If an exempt rule is disapproved, the OAH must prepare a written statement of the reasons for the disapproval, together with recommendations for overcoming the stated defects, or tell the agency why the rule is not exempt from rulemaking procedures.[19]

In the case of a rule adopted under the good cause exemption, the ALJ must review any public comments submitted along with the agency submissions.[20] If the proposed rule is disapproved by the ALJ, the agency may ask the Chief ALJ to review that determination. However, the agency must again give notice to its rulemaking list no later than the date of its request for review by the Chief ALJ, and must include in its notice a summary of any information or arguments it is submitting to the chief judge that were not submitted to the ALJ.[21]

21.3.5 Agency Action Following Disapproval

If an exempt rule is disapproved by the OAH, the agency has three options. First, the agency can elect to proceed no further with the exempt rule, publish a notice of withdrawal in the State Register,[22] and either end the rulemaking or begin the exempt rulemaking process again. Second, the agency can attempt to correct the defects stated by the OAH and resubmit the exempt rule to the OAH.[23] The number of times that an exempt rule can be disapproved, corrective action taken, and the rule resubmitted is not limited. Any resubmission is subject to the same review provisions that were applicable to the original submission.[24]

The final option is for the agency to ask the chief judge to review a rule that has been disapproved.[25] The agency must make this request within five working days of receiving the judge’s decision. The chief judge then has 14 days to review the agency’s filing and either approve or disapprove it under the same legality standards discussed above.

21.3.6 Filing and Publication of Approved Exempt Rule

On approval of an exempt rule by the OAH and approval of the form of the rule by the revisor of statutes, the OAH must file three copies of the approved rule with the secretary of state.[26] Upon approval of the rule the agency must publish it in the State Register in order for the rule to have the force and effect of law.[27]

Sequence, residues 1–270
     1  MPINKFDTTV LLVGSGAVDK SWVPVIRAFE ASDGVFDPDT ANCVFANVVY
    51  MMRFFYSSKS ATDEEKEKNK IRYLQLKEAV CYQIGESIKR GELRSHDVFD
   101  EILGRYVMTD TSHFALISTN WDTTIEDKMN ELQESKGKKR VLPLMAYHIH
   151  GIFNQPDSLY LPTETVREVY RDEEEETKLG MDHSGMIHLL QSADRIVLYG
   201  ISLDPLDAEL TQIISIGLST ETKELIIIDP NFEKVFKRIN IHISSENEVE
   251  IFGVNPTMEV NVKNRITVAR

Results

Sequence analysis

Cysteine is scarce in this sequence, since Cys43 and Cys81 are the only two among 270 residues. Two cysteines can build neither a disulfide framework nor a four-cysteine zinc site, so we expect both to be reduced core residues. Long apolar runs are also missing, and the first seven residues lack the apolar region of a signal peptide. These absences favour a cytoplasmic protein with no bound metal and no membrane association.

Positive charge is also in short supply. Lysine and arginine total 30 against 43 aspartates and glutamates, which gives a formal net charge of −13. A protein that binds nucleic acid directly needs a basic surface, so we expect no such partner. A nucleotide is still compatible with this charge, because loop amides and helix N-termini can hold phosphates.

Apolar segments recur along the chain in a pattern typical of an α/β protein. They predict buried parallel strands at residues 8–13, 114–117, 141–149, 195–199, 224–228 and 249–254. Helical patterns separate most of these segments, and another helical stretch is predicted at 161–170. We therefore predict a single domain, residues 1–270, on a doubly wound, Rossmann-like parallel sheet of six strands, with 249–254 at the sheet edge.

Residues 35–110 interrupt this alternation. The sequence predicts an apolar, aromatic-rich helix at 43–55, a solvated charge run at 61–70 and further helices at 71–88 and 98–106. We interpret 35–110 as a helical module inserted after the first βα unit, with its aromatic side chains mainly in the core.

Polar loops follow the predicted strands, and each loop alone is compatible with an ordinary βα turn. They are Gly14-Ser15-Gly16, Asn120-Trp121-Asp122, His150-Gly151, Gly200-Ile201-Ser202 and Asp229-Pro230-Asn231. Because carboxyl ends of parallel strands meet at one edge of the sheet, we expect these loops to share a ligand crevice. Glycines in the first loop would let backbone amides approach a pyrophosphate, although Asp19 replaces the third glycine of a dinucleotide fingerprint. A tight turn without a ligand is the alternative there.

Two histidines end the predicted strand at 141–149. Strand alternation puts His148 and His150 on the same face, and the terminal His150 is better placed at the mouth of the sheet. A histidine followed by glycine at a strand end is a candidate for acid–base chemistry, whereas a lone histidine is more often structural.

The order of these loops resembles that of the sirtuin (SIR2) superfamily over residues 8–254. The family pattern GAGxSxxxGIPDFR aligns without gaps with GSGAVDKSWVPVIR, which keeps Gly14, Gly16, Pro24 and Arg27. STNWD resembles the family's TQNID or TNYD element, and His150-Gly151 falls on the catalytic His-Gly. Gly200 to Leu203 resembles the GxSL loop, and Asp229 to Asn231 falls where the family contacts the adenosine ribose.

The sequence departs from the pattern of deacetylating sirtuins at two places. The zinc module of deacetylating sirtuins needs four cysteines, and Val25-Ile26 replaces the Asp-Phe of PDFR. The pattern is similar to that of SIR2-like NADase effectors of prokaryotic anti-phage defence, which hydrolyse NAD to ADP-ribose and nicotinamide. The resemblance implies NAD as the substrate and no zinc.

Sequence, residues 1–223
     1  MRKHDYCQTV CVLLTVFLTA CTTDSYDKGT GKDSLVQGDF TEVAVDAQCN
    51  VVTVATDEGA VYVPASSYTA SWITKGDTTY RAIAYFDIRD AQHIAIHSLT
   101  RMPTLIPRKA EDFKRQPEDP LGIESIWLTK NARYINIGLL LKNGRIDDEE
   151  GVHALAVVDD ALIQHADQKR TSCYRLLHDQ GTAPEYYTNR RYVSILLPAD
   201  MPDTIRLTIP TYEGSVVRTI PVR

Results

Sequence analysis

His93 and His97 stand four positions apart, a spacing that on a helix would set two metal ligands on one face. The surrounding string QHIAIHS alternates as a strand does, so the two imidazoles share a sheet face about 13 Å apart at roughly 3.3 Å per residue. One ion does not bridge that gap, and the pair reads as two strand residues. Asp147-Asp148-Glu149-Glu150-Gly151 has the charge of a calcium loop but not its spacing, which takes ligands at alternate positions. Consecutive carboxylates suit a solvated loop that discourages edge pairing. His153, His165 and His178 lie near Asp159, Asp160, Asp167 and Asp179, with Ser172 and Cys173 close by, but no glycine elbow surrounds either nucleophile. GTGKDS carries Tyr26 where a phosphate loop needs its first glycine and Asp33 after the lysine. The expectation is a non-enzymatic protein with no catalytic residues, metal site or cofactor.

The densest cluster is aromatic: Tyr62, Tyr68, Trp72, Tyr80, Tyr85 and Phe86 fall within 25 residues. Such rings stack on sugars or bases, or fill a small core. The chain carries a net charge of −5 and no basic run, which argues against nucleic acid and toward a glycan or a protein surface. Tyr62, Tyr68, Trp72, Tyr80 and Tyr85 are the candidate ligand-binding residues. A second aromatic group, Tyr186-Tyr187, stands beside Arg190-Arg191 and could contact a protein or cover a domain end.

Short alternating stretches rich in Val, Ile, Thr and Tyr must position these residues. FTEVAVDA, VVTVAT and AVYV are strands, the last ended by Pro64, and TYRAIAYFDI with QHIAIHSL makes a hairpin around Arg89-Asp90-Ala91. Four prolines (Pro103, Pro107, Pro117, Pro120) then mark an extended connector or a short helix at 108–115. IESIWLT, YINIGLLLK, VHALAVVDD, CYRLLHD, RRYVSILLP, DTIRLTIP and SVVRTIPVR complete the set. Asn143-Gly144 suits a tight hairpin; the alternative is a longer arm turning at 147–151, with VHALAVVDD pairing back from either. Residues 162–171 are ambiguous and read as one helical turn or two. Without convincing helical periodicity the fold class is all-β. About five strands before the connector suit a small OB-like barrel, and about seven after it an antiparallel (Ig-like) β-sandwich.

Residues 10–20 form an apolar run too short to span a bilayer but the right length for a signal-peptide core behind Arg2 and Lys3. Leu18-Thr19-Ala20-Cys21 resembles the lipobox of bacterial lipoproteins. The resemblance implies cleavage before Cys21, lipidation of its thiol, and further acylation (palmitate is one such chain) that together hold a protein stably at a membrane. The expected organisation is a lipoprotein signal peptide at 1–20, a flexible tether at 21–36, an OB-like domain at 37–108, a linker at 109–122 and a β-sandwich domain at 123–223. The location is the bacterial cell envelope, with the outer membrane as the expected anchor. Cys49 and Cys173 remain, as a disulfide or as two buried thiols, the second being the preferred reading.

[1] Minn. Stat. § 14.386 (2014).

[2] See, e.g., White Bear Lake Care Ctr. v. Minn. Dep’t of Pub. Welfare, 319 N.W.2d 7, 9 (Minn. 1982).

[3] Minn. Stat. § 14.386(a)(1) (2014).

[4] Id. § 14.388, subd. 2.

[5] Id. § 14.386(a)(3); see Minn. R. 1400.2400 (2013) (listing documents that must be submitted to the OAH).

[6] Minn. R. 1400.2400, subp. 2 (2013).

[7] Minn. Stat. § 14.386(a)(3) (2014).

[8] Id.

[9] Id. §§ 14.08, .385.

[10] See, e.g. , White Bear Lake Care Ctr. v. Minn. Dep’t of Pub. Welfare, 319 N.W.2d 7, 9 (Minn. 1982); Minn. R. 1400.2100(A) (2013).

[11] Minn. R. 1400.2100(D) (2013).

[12] E.g., Sellner Mfg. Co. v. Comm’r of Taxation, 295 Minn. 71, 74, 202 N.W.2d 886, 888 (1972); Minn. R. 1400.2100(D) (2013).

[13] Minn. R. 1400.2100(D) (2013).

[14] Id. (E).

[15] Id. (F).

[16] Minn. Stat. § 14.02, subd. 4 (2014); Minn. R. 1400.2100(G) (2013).

[17] Minn. R. 1400.2100(G) (2013).

[18] Id. 1400.2400, subp. 3.

[19] Id. subp. 4a.

[20] Minn. Stat. § 14.388, subd. 1 (2014).

[21] Id. subd. 3.

[22] Id. § 14.05, subd. 3.

[23] Minn. R. 1400.2400, subp. 4a (2013).

[24] Id.

[25] Id. subp. 5.

[26] Minn. Stat. § 14.08(a), (c) (2014); Minn. R. 1400.2400, subp. 4 (2013).

[27] Minn. Stat. § 14.386(a)(4) (2014).